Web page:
That’s the Readers Digest version of Pearson and Borenstein’s script which tosses in all kinds of kooky sci-fi concepts and also dives deep (sometimes literally) into the lore of these icons. If you thought King of the Monsters got out-there with its mythologizing, you haven’t seen anything yet.
What you will see is how all the action plays out though, as Wingard has seemingly listened to the criticism leveled at that predecessor film and shoots nearly everything in brightly lit backdrops, with stable, wide-angled cinematography to capture the monster mayhem in all its high-def glory. Legendary’s Monsterverse films (2014’s Godzilla, 2017’s Kong: Skull Island, and the aforementioned Godzilla: King of the Monsters) have all been stunners and Godzilla vs. Kong definitely doesn’t drop that ball. We don’t quite get the painterly artistic beauty of the HALO drop scene in Godzilla, but the visuals just explode off the screen here, especially in a mid-film neon-lit Tokyo brawl for the ages. Hell, I’m even about 80% sure that the director employed some subtle tilt-shift effect in the film’s climax to make it look just a little bit like those classic dudes-in-rubber-suits fights. If that was indeed the case, it was a fantastic touch.
Once again though, just like in every installment of this franchise thus far, the human element lets things down. With just two exceptions, the non-kaiju members of the cast all vary between being a tad grating or just being… there and not doing much. For some, like Shun Oguri’s Ren Serizawa, you can literally get more backstory and depth from reading the brief character descriptions on Godzilla vs. Kong’s Wikipedia page. Even more criminal, the film’s first half often gets bogged down as the script takes time to maneuver these pesky humans around.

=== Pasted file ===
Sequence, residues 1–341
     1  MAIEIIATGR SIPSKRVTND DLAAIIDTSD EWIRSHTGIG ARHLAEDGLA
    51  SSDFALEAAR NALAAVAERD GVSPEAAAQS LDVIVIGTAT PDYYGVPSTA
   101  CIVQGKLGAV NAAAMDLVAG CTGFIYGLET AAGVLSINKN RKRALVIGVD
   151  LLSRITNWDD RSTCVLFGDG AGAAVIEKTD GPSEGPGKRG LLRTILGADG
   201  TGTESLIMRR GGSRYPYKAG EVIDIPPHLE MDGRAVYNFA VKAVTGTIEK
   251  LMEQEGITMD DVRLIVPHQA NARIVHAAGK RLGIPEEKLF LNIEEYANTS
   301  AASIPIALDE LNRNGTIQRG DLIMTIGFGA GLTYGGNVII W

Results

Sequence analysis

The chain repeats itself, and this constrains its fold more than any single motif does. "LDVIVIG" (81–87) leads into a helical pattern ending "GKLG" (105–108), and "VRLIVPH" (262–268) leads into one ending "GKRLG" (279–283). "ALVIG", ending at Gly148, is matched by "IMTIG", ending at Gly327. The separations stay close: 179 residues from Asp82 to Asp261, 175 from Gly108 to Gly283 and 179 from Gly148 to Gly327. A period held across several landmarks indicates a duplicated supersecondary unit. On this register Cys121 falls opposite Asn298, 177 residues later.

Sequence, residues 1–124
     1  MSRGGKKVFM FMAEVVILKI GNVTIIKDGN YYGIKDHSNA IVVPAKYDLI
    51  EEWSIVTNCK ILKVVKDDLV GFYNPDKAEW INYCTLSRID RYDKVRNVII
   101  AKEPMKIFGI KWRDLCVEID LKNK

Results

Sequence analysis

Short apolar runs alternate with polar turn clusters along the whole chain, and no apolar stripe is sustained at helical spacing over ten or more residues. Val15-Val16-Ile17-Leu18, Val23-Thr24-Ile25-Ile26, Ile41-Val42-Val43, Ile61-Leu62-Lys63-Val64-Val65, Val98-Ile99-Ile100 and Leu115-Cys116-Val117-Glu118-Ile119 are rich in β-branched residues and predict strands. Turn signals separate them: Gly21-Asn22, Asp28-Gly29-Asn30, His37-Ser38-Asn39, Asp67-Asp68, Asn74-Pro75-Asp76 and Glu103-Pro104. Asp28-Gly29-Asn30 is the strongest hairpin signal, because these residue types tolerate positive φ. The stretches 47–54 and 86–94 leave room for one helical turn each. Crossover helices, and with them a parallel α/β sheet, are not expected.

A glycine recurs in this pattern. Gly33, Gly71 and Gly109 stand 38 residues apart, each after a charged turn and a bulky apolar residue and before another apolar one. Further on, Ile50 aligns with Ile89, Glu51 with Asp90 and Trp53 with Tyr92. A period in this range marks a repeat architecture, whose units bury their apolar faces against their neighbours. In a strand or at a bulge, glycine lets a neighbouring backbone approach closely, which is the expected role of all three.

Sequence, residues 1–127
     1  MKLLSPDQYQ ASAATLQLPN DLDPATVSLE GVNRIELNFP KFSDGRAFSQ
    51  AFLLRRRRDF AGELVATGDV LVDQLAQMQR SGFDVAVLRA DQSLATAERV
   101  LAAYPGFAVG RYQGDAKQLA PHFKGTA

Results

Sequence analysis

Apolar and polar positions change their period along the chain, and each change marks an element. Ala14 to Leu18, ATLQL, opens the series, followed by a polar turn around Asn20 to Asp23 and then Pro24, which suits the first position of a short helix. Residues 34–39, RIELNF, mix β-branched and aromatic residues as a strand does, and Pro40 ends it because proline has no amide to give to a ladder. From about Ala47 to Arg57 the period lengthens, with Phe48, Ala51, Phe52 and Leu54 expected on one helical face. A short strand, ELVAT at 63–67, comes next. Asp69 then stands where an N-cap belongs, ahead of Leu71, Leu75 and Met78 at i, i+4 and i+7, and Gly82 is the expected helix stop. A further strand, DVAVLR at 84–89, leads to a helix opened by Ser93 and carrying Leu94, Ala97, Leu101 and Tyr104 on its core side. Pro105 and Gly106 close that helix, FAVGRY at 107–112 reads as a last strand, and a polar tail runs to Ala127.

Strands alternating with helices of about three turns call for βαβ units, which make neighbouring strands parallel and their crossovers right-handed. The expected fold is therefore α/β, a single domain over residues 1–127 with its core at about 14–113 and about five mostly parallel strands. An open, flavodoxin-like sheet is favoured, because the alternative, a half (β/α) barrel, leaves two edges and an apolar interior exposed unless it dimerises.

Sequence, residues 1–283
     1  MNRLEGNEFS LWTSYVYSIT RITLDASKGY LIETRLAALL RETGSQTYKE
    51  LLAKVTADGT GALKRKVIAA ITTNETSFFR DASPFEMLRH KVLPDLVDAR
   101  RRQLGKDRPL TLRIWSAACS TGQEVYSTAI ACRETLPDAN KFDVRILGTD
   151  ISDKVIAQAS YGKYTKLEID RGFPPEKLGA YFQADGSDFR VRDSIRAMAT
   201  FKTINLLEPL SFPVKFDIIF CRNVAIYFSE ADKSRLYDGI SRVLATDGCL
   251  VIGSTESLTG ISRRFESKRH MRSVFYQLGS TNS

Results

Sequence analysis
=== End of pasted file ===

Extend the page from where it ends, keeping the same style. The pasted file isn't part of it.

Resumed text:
Millie Bobby Brown’s Madison Russel is back from King of Monsters but seems to only be here as a link to that movie and to remind the audience that Godzilla is actually still supposed to be a good guy. She’s joined by her friend Josh (Julian Dennison, purely in stereotypical comic relief mode), and Brian Tyree Henry’s Bernie, a motormouth crackpot conspiracy theory podcaster who thinks the tech company he works for, Apex Cybernetics, is up to no good. Together the trio tries to unearth just what triggered Godzilla’s sudden turn from guardian to menace.